“Tropical Cyclone Gita was the most intense tropical cyclone to impact Tonga since reliable records began.”
After bashing a path through our Pacific Island neighbours, Gita headed for the western coast of New Zealand, officially downgraded to a “strong ex-tropical cyclone”
I was at my friends house on the NZ’s West Coast when the storm hit. Intense rain and huge wind gusts began to take their toll on the surrounding beech forest. Twenty meter tall Red Beech and Silver Beech trees were waving to and fro like blades of grass, branches colliding and breaking off. Then with a loud crack! a big tree begins to fall, colliding with it’s neighbours creating a random domino pattern of tumbling beech trees.
Here is some video taken during the height of the storm
A few weeks later I returned with the drone and got some aerial video of the storm damage in the neighbouring forest
Now some of these fallen trees are over 20m tall and easily 50+ years in age. They haven’t seen weather like this during their lifetime.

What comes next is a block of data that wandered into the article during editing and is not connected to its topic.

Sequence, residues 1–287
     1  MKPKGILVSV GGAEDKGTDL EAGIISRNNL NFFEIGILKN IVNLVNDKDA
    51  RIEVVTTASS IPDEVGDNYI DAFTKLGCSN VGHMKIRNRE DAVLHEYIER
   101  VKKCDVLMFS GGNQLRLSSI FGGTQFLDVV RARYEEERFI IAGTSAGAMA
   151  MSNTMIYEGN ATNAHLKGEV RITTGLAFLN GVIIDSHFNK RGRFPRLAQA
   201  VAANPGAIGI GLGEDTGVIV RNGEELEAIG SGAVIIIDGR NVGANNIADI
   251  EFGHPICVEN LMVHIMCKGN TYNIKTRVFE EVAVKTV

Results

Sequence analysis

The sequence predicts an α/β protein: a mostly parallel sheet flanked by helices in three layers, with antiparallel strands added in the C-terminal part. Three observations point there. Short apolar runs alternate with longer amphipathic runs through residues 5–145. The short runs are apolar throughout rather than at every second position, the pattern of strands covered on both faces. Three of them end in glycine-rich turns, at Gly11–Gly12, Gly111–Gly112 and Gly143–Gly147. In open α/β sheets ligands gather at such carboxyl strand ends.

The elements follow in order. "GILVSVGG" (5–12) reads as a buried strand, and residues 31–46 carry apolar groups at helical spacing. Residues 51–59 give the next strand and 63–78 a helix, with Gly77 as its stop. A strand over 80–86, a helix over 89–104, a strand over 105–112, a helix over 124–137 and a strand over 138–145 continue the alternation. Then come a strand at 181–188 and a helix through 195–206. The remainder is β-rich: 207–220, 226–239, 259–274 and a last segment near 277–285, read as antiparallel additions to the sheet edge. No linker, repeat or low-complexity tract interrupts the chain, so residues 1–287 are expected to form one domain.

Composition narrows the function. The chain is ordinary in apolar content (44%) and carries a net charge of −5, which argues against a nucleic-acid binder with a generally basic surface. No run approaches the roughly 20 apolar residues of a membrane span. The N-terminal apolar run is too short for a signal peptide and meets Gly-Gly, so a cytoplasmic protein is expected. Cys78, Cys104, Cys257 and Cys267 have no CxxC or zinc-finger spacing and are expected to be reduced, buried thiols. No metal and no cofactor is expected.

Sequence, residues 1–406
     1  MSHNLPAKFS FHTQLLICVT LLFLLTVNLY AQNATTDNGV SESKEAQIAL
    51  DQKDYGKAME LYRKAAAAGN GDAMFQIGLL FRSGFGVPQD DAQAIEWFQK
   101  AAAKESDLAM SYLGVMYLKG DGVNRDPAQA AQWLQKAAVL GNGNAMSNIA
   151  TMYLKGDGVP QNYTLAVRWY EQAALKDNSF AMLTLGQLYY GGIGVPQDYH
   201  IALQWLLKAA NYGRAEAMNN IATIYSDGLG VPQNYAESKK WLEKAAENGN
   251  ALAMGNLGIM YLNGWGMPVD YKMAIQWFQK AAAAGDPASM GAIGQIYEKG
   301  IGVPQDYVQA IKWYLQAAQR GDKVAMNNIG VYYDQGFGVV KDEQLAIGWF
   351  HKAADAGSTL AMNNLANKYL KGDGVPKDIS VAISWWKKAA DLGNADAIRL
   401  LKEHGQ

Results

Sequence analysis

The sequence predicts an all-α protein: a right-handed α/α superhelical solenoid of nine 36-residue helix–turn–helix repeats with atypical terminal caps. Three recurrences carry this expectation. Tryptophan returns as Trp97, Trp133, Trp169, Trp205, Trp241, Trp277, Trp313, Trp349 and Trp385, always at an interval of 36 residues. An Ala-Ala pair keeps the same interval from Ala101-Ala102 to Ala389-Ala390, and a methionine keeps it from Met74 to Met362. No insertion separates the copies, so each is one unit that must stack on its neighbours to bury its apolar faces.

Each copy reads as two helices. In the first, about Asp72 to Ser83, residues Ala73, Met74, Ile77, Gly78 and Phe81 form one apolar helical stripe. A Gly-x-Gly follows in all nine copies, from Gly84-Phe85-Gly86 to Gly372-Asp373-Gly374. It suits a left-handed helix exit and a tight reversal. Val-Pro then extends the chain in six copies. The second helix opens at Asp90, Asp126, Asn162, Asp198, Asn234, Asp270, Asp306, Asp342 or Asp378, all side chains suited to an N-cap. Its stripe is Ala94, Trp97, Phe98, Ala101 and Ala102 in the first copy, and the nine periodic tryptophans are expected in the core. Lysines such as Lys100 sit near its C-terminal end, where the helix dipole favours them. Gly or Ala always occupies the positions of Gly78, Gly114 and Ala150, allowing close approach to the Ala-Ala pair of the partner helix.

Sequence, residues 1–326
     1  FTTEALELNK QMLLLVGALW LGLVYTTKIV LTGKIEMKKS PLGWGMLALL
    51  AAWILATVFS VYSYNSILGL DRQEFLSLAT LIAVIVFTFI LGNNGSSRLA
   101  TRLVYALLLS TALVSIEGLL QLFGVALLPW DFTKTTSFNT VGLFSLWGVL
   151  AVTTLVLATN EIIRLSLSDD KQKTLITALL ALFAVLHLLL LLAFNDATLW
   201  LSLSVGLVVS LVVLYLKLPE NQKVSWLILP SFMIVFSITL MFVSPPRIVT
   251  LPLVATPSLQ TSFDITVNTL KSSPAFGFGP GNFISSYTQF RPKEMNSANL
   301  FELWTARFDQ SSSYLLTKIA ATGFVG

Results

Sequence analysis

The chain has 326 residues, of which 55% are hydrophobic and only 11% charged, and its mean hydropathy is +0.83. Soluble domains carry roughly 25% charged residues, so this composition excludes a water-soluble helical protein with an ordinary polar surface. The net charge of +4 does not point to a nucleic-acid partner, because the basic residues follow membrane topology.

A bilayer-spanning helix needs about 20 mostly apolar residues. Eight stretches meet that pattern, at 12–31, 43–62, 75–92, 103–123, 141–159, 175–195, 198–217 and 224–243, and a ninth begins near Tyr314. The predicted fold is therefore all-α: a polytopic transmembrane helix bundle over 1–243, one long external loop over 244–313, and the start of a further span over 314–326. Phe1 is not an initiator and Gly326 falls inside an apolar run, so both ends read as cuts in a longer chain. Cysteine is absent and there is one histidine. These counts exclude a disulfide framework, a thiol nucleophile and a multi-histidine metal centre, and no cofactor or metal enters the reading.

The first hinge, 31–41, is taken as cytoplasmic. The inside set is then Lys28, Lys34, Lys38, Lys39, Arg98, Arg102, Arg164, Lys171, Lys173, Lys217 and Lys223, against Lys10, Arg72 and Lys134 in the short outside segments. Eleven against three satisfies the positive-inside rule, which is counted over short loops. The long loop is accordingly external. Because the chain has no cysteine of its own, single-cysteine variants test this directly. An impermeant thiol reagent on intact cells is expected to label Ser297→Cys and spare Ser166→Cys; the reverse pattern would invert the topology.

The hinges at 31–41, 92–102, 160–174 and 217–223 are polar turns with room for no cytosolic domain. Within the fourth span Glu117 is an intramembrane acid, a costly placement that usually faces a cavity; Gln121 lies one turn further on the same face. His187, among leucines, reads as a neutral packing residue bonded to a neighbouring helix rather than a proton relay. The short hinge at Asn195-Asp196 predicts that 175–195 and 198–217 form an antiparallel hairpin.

The fact that we are seeing more of these Tropical Storms reaching New Zealand in recent times are perhaps a harbinger of things to come as climate change accelerates.
Despite the rawness of the damage seen in the video, Windthrow is a key factor in regeneration within our NZ Beech Forests. This is nicely described by this excerpt from John Wardle’s 2005 article on Black beech management in NZ Tree Grower magazine…
In some years seed production is prolific. These are known as mast years and in black beech they average about five to eight years apart. In the intervening years there may be very little seed produced which is frequently not viable. Beech gets over this problem by having a stock of young advance-growth seedlings on the forest floor which may sit there for 20 years or more while making minimal growth.
When an opening occurs in the canopy as a result of windthrow or death of a mature tree, these respond to the increased light reaching the forest floor by making rapid growth, often as much as half a metre a year. When these grow to be saplings of between two and three metres in height there may be more than 100,000 of them for every hectare. These compete strongly with each other and suppress most understorey plants.
We look forward to seeing young tree seedlings receive a growth spurt from the increased sunlight and a new generation of Beech trees grow to fill these empty spaces.